Festival of Games
11-17 February 2008
Final Top Standings
1-3 GM Christian Bauer FRA 2614, GM Ruben Felgaer CUB 2539, IM Joseph Sanchez PHI 2492, 7.0/9
4-8 GM Hichem Hamdouchi MOR 2576, GM Ognjen Cvitan CRO 2535, IM Gergely Antal HUN 2457, IM Oleg Gladyszev RUS 2485, GM Miroljub Lazic YUG 2512, 6.5/9
9-17 GM Ante Saric CRO 2438, GM Igor Miladinovic YUG 2604, GM Jozsef Horvath HUN 2519, IM Benjamin Bujisho FRA 2387, Vladimir Doncea ROM 2444, Sebastien Midoux FRA 2338, IM Pierluigi Piscopo ITA 2357, FM Daniyyl Dvirnyy ITA 2326, FM Clovis Vernay ITA 2391, 6.0/9
Total of 110 players
Here is what I wrote about Joseph Sanchez 9 years ago during the 1999 Philippine Chess Championship:
“ ‘Chess is a game to subdue the turbulent spirit, and to puzzle a tranquil mind’ (William Hartston, “Kings of Chess”). I remember this line whenever the name of Joseph Sanchez is mentioned. Wherever you see him he is invariably seated in a corner quietly observing the proceedings, never speaking until he is spoken to. Polite, mild-mannered, this immediately changes when you mention anything remotely involving chess. Then a broad smile comes to his face and he becomes animated, explaining this and that with accompanying gestures and jokes.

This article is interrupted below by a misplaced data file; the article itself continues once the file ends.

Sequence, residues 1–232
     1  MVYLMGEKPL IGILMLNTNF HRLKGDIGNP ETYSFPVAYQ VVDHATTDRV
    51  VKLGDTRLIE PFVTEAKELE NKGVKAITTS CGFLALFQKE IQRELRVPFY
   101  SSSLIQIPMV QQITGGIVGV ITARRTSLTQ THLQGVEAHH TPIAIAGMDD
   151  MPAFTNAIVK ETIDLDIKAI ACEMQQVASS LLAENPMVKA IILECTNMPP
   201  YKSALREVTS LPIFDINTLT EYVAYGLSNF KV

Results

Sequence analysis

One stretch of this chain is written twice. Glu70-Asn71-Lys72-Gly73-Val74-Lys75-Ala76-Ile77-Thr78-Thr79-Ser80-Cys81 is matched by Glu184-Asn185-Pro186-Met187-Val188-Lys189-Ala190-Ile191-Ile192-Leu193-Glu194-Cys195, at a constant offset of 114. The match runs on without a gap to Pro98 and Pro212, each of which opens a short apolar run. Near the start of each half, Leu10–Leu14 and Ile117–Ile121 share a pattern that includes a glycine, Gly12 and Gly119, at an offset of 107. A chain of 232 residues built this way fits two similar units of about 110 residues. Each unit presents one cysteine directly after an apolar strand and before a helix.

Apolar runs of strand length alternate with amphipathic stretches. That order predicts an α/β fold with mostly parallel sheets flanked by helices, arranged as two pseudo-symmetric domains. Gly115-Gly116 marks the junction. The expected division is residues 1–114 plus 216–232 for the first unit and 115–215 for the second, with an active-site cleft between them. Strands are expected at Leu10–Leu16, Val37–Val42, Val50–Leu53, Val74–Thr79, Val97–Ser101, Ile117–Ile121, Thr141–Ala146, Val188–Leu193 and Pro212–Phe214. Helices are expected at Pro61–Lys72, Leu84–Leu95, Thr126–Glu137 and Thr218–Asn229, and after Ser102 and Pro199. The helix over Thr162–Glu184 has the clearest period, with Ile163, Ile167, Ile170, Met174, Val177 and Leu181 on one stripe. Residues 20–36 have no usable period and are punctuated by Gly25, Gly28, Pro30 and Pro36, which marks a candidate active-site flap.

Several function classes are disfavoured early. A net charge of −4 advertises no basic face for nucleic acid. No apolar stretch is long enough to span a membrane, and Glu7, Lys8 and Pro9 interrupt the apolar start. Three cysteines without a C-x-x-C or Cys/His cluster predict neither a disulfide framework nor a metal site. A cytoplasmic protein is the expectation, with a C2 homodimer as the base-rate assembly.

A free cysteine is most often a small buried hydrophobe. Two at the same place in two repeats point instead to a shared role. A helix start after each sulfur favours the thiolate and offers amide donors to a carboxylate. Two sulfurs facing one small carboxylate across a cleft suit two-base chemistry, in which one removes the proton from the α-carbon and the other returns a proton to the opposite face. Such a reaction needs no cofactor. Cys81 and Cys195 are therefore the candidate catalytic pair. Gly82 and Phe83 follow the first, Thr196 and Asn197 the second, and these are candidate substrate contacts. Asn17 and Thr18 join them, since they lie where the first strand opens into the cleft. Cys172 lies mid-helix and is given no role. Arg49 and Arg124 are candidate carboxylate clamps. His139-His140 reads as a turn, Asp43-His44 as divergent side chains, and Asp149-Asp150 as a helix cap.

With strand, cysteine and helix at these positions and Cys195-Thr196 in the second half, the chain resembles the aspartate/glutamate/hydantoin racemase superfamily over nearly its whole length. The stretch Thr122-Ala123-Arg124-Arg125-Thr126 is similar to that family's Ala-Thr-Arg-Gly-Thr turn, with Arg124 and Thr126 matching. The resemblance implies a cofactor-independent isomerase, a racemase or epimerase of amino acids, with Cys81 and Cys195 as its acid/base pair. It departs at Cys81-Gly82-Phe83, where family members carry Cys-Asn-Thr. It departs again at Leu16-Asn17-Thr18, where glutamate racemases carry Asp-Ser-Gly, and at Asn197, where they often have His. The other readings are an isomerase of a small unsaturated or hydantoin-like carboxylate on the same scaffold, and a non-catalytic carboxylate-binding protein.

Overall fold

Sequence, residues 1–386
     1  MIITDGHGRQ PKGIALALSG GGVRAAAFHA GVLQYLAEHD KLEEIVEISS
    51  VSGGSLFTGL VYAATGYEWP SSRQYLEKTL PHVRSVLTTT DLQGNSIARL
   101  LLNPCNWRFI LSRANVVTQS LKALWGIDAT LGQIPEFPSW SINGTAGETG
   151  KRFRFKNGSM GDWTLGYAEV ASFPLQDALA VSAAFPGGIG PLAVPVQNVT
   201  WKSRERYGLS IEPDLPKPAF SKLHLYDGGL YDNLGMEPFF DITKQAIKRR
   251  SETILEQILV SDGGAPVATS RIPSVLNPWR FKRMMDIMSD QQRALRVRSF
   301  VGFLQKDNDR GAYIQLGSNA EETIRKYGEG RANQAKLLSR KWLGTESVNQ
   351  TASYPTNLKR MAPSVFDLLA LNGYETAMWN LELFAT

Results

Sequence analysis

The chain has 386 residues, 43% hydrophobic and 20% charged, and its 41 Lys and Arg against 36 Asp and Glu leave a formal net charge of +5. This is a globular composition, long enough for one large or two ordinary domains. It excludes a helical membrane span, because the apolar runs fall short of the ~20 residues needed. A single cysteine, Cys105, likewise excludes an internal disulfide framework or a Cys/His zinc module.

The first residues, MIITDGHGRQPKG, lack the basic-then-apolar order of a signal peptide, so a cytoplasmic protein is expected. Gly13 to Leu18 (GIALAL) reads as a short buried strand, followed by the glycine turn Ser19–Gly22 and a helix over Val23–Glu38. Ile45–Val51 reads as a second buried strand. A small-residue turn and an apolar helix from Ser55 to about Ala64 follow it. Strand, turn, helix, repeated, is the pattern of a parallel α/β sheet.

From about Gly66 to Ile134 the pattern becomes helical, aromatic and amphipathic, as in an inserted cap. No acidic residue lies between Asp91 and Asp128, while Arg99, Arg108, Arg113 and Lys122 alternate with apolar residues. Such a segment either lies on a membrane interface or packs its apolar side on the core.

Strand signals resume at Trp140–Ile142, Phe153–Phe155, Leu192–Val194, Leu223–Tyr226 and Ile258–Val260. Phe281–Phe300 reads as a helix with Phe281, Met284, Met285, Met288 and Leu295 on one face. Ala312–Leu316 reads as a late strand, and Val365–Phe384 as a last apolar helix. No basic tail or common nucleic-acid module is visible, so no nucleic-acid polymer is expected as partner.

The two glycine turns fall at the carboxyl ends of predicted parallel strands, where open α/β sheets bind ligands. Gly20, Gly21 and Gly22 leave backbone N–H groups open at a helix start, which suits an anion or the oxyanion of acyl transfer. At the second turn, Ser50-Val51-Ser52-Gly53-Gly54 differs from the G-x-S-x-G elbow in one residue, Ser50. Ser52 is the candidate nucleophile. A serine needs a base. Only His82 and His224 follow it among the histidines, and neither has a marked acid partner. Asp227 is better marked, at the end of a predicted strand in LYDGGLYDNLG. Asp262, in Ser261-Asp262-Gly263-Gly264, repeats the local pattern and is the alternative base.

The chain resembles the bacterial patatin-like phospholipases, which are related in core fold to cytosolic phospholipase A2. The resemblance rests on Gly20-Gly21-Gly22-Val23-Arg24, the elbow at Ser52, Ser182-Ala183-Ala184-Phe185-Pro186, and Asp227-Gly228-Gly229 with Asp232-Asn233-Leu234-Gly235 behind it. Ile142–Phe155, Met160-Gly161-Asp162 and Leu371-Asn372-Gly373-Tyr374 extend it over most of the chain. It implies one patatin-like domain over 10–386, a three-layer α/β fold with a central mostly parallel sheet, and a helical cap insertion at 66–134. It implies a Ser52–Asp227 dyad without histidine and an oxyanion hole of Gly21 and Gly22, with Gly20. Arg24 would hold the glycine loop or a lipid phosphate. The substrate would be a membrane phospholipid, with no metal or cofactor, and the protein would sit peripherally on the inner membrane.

“His chess is geared towards the attack. Hardly a game passes by without some display of a new tactical motif with accompanying fireworks. What was keeping him from joining the very elite of Philippine chess was a lack of stick-to-it-iveness (for lack of a better word). His offense sometimes crumbles in the face of resourceful defense, and he is usually not at his best when defending inferior endgames.
“All of that changed when, as fate would have it, he was matched against GM Antonio is the first round of the grand finals. Joey got a strong grip on the position right out of the opening, drained out any possible complicating tactics, and headed into an endgame where he expected to outplay Sanchez. Joseph, still riding on the crest of a win streak from the eliminations, resisted with might and main and forced a draw on the 65th move. As if a veil had been lifted from his eyes, he realized that he had it in him to fight with the very best.
“Starting from round 2 he was a changed man – no more middlegame collapses, no more losses of concentration, just a committment to constantly bombard his opponent with everything he has got. Yes, Joseph Sanchez has arrived. We expect to hear a lot more about him in tournaments to come!”
Joseph Sanchez left for Europe six years ago to try his luck and we have chronicled his exploits in this column. His games have greatly improved in quality and in fact he has reached a point where defeating an International Grandmaster is no longer considered extraordinary. Bad luck has dogged him, however, and I don’t remember how many times he has missed the GM norm, sometimes by half a point, sometimes making a good performance rating but missing out on the norm just the same because there were not enough GMs playing in the tournament.